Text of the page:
Lost in all the media handwringing about the “fiscal cliff” is the reality of exactly who is going over the “cliff.”
Were the federal government to implement just the spending cuts mandated by the fiscal cliff, over the next two years the deficit would be reduced by $430 billion or more.
Most Americans who hear that would say “Hoo-Rah, keep cutting.”
However, the biggest problem for Washington’s business-as-usual crowd isn’t that going over the cliff will reduce the budget; it is that when the federal government goes over the fiscal cliff, a number of establishment lies about federal spending will be exposed.
Perhaps the most egregious lie that going over the fiscal cliff will expose is the practice of legislating an annual “doc fix” to temporarily eliminate mandated reductions in Medicare payments to health care providers.
Back in 1997, Congress passed and President Bill Clinton signed as part of a deficit reduction deal, a law that limited the rate of increase in Medicare provider payments to the rate of growth in the Gross Domestic Product.
As The Washington Post noted, every Congress for the past 15 years has temporarily reversed this policy, known as the “Sustainable Growth Rate” or SGR. If the “doc fix” is not extended, physician payments would fall by almost 30 percent, dwarfing the cuts enacted as part of the debt ceiling deal and cut spending by $14 billion next year.
Of course this drastic reduction in payments to hospitals would certainly drive many smaller or less financially stable hospitals out of business and such a reduction in payments to doctors would force many physicians to stop taking Medicare patients or go broke.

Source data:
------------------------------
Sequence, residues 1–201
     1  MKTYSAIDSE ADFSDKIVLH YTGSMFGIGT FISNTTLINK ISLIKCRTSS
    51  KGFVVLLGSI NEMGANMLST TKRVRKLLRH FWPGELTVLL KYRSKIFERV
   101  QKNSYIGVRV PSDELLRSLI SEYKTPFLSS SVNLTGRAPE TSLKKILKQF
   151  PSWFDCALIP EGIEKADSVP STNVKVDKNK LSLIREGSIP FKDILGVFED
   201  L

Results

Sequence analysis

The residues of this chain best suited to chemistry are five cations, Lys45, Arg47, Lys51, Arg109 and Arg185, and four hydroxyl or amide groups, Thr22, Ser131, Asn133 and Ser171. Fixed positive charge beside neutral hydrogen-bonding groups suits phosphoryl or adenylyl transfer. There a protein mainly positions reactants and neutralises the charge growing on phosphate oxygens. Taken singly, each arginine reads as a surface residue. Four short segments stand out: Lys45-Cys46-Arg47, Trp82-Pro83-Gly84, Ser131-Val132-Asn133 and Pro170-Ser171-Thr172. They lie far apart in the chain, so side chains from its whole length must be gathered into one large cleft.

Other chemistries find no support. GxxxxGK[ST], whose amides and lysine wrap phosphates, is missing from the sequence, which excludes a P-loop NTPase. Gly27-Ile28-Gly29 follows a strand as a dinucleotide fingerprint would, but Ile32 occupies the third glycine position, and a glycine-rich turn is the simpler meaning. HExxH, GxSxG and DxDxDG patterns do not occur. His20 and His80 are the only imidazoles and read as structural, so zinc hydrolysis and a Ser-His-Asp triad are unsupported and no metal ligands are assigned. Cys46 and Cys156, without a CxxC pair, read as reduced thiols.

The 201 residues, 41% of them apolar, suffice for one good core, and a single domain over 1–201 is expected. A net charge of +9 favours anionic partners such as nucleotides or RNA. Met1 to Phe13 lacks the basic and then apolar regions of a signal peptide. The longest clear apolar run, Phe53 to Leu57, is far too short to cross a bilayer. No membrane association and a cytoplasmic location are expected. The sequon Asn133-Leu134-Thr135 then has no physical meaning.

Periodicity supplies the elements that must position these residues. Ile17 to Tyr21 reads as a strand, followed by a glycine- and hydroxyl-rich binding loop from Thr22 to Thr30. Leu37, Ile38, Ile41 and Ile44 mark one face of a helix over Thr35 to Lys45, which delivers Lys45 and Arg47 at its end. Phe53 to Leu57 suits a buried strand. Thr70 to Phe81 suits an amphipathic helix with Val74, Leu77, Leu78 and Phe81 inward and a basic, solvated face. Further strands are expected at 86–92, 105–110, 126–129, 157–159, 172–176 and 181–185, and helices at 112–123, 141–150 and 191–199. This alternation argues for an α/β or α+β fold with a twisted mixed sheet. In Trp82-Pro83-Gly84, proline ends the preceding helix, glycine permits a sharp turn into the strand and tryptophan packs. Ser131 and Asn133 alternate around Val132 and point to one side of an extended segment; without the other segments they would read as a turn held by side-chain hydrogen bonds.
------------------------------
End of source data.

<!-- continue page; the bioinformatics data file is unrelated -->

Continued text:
But let’s be clear – Congress has been kicking the can down the road on Medicare reimbursement rates every year for the past 15 years.
The obvious answer to this problem is not to ruin doctors and drive hospitals into bankruptcy. It is, to paraphrase Democrat Rahm Emanuel, not to "waste" a crisis and finally, after 15 years of Congressional procrastination, actually fix Medicare.
Putting the Medicare program on an actuarially sound footing by going to a system like the one proposed by Paul Ryan -- or at least raising the Medicare eligibility age -- would eliminate all or part of Medicare’s impact on the deficit and get rid of the need to pass a “doc fix” every year.
These commonsense solutions are regularly opposed by Democrats, such as New York’s Senator Chuck Schumer, who are desperately trying to hide the effects of their redistributionist policies behind accounting gimmicks like the “doc fix” that mask the real cost of government from the voters.
As Avik Roy noted in Forbes, “Going over the cliff means that the accounting gimmicks are over. No more “temporary” this and “temporary” that, so that Congress can pretend to be more fiscally responsible than it is actually being.”
If Roy is right, and going over the fiscal cliff means that Americans will finally be told the truth about the cost of all the government they keep voting for -- and that all the lies about spending and all the accounting gimmicks will finally be exposed -- the day the federal government goes over the fiscal cliff and takes Washington’s business-as-usual politicians with it can’t come soon enough.